practitioners, with some following a ‘specialist
                                                            nursing’ route through focus on high-level skills
                                                            and decision-making within a particular client
                                                            group or clinical context, while others will develop
                                                            a portfolio that reflects high-level assessment,
                                                            decision making and autonomous practice across
                                                            a greater breadth of practice’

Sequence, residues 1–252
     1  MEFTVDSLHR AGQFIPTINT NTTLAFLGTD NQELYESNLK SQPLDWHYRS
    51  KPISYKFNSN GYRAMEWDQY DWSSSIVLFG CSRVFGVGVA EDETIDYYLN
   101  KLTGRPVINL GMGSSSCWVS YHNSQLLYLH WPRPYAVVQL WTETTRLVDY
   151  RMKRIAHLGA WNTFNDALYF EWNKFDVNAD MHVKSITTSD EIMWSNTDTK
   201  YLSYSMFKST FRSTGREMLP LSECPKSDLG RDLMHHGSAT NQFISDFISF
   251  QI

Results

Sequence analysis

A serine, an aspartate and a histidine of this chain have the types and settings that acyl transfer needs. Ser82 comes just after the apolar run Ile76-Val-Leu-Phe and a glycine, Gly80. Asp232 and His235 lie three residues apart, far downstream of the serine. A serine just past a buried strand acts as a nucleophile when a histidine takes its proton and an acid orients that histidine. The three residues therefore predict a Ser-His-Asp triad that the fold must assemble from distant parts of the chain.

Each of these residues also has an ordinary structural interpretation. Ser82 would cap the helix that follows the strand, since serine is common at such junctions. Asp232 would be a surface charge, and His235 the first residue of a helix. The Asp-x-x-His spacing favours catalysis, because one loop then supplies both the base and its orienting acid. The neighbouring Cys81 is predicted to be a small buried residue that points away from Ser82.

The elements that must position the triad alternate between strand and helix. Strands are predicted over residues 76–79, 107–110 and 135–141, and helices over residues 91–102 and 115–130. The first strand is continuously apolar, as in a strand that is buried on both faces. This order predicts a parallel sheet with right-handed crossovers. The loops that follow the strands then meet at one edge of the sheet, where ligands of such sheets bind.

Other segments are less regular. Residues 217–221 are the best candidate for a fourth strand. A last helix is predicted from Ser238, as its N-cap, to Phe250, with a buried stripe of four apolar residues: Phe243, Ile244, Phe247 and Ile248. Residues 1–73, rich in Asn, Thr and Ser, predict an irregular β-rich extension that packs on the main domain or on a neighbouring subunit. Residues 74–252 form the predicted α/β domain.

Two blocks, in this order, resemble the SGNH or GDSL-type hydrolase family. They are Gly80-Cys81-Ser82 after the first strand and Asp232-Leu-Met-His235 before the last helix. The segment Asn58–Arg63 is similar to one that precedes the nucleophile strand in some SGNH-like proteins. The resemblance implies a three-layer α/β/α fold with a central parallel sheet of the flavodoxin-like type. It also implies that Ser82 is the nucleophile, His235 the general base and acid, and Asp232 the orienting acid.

http://www.advancedpractice.scot.nhs.
                                                            uk/definitions/specialist-and-
                                                            advanced.aspx




        The full tool-kit can be found at the link below:
        http://www.advancedpractice.scot.nhs.uk/home.aspx




    3. Background/ context



  i.    Development and regulation of advanced practice roles is a long standing
        point of debate within the nursing profession. There have been several
        attempts over the past decade to define and then to begin to regulate
        advanced practice without success. Despite this, nursing roles have been




                                                                                                            5